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Original Research

Expressions of depression in rural women with chronic illness

Submitted: 27 May 2010
Revised: 29 September 2010
Published: 30 November 2010

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Author(s) : Winters CA, Cudney S, Sullivan T.

Charlene WintersShirley CudneyTherese Sullivan

Citation: Winters CA, Cudney S, Sullivan T.  Expressions of depression in rural women with chronic illness. Rural and Remote Health (Internet) 2010; 10: 1533. Available: http://www.rrh.org.au/articles/subviewnew.asp?ArticleID=1533 (Accessed 17 October 2017)

ABSTRACT

Introduction:  Globally, chronic conditions have become the most prevalent and costly of health problems, imposing a growing drain on healthcare delivery systems and healthcare financing. Depressive symptoms and disorders are one of the most common complications of chronic illness and negatively impact one’s perceived quality of life. In recent years, depression has been recognized as a major health problem for rural women. The purpose of this article is to describe the experience of depression in a sample of chronically ill rural women who participated in an online social-support and health education research project.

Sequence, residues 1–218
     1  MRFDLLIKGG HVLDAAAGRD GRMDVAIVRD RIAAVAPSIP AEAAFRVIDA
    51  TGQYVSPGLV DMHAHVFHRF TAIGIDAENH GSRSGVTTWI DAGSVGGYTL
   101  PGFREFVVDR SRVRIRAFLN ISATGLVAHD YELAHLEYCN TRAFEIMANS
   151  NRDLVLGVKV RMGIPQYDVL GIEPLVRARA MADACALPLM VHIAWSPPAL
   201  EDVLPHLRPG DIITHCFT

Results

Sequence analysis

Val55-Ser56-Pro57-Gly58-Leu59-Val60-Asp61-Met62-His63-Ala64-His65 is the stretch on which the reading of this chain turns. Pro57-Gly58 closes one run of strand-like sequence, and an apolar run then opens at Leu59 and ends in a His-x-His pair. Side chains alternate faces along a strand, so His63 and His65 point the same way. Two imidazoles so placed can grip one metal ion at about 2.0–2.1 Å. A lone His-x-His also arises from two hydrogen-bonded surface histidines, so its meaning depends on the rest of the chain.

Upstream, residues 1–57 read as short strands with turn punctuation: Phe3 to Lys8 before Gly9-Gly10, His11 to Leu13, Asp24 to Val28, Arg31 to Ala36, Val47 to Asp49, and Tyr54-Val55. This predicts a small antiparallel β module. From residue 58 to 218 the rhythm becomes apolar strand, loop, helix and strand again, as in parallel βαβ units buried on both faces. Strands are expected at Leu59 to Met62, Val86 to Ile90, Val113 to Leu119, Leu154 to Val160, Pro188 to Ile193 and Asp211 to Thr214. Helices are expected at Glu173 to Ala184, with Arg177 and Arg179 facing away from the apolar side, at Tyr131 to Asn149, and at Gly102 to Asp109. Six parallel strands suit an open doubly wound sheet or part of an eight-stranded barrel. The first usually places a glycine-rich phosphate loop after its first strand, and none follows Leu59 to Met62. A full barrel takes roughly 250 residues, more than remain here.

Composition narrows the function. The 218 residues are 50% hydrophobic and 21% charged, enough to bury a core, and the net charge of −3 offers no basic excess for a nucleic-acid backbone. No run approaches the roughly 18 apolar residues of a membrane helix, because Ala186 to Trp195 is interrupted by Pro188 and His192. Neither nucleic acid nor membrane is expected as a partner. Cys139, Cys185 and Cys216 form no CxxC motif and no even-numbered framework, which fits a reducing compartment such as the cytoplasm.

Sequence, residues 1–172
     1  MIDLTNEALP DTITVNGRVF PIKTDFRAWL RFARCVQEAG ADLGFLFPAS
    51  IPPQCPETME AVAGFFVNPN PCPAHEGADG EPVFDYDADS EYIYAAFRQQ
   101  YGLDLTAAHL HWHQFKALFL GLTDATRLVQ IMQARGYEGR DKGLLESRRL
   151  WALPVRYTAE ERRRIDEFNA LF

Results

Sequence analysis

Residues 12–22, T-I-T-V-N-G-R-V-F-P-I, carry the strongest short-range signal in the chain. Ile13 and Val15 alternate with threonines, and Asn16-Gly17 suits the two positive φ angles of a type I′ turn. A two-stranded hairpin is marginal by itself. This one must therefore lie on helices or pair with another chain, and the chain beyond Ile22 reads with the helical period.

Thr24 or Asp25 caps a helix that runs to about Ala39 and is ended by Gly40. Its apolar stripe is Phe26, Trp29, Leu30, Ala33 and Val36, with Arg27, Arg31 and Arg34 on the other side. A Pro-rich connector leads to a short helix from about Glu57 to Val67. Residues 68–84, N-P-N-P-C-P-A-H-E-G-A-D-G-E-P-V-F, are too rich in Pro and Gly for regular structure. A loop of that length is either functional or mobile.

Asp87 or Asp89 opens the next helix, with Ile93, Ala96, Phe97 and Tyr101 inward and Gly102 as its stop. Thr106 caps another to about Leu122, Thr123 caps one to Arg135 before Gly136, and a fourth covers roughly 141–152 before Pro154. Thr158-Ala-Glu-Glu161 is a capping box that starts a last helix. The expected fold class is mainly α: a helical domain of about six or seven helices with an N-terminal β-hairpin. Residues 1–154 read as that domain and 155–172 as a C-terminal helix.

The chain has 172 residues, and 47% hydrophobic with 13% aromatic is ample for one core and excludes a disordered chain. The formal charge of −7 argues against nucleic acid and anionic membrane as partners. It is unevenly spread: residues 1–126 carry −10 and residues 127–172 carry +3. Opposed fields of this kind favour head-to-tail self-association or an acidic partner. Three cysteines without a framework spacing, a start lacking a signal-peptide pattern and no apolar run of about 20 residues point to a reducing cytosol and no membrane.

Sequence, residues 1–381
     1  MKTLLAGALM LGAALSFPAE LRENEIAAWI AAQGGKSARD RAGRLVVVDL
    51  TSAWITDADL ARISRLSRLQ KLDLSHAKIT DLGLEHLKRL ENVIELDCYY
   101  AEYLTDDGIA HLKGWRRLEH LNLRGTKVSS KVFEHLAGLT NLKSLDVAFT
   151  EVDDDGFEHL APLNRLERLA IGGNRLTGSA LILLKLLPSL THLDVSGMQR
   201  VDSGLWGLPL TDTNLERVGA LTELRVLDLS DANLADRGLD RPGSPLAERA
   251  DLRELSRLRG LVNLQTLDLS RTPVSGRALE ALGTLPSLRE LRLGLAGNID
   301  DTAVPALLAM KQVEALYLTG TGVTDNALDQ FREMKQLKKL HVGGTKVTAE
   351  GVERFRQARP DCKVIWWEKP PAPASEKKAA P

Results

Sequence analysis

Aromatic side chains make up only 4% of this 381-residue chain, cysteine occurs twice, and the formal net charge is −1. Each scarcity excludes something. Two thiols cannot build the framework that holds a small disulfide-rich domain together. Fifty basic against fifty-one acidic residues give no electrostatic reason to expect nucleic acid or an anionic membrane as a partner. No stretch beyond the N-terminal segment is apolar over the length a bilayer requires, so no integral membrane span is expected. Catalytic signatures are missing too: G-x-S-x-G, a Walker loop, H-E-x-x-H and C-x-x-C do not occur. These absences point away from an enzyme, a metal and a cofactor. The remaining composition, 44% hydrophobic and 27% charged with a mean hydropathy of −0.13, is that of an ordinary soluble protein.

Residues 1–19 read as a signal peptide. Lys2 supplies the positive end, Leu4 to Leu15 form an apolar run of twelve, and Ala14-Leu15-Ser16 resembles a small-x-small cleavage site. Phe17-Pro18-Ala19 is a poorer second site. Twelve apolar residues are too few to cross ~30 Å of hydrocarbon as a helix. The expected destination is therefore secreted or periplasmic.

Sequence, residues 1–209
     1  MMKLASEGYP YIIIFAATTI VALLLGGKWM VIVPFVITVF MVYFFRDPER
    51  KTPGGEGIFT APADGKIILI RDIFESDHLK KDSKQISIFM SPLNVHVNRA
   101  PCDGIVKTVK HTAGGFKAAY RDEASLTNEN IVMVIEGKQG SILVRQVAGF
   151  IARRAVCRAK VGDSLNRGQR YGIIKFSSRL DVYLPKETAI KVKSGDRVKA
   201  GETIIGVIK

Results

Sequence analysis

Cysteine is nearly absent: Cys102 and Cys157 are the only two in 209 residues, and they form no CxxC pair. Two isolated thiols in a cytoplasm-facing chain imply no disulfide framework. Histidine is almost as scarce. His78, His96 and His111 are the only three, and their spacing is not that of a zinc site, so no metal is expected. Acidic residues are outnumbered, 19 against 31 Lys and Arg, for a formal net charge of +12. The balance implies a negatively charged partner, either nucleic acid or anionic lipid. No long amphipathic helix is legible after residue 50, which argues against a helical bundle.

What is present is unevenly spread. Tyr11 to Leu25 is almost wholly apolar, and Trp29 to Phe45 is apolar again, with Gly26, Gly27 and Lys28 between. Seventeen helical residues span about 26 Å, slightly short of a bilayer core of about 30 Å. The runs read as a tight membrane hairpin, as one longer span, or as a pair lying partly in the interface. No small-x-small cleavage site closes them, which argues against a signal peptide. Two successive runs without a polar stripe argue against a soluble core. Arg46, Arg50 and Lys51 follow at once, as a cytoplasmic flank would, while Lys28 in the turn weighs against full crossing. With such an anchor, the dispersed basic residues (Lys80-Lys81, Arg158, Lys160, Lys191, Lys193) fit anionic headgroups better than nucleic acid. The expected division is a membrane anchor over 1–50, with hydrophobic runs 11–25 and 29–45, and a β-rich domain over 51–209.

Methods:  Middle-aged rural women with at least one chronic condition were recruited from the western USA to participate in the Women to Women (WTW) project, a 22 week computer-based intervention of virtual support and health education. The presence of depression was measured quantitatively using the Center for Epidemiologic Studies Depression Scale (CES-D). Messages posted by the women (n=82) to the online support forum were carefully examined for evidence of depressive symptomatology, perceptions of the relationship of depression to their chronic illnesses, and their strategies for coping with their depression.
Results:  Of the 82 women who participated in the support intervention, 47 (57%) demonstrated clinically significant psychological distress at the time of enrollment into the WTW project by scoring 16 or above on the CES-D (range=0-48; x=19.27; sd=11.25). At the end of the computer intervention, complete data were available on 57 women. Of these, 24 (42%) scored 16 or above on the CES-D (range=0-49; x=15.74; sd=11.55) indicating continuing psychological distress. In all, 59 messages were coded ‘depression’. The women’s messages included descriptions of symptoms consistent with the literature (feelings of worthlessness and guilt; helplessness and hopelessness; alterations in sleep patterns; loss of energy). The interrelationship of depression and illness, pain, and seasonal weather variations was acknowledged; traditional and complementary healthcare treatments were discussed; relationships with healthcare providers and family and friends were described; and a variety of strategies used in coping with their depression were shared.
Conclusions:  Rural women with chronic illness struggle with depression. The description of their depressive symptomatology provides insight into the experience and may facilitate healthcare providers’ ability to recognize depression and identify strategies to ameliorate the negative impact of depression in chronically ill rural women.

Key words:  chronic illness, depression, rural women, telehealth, USA.

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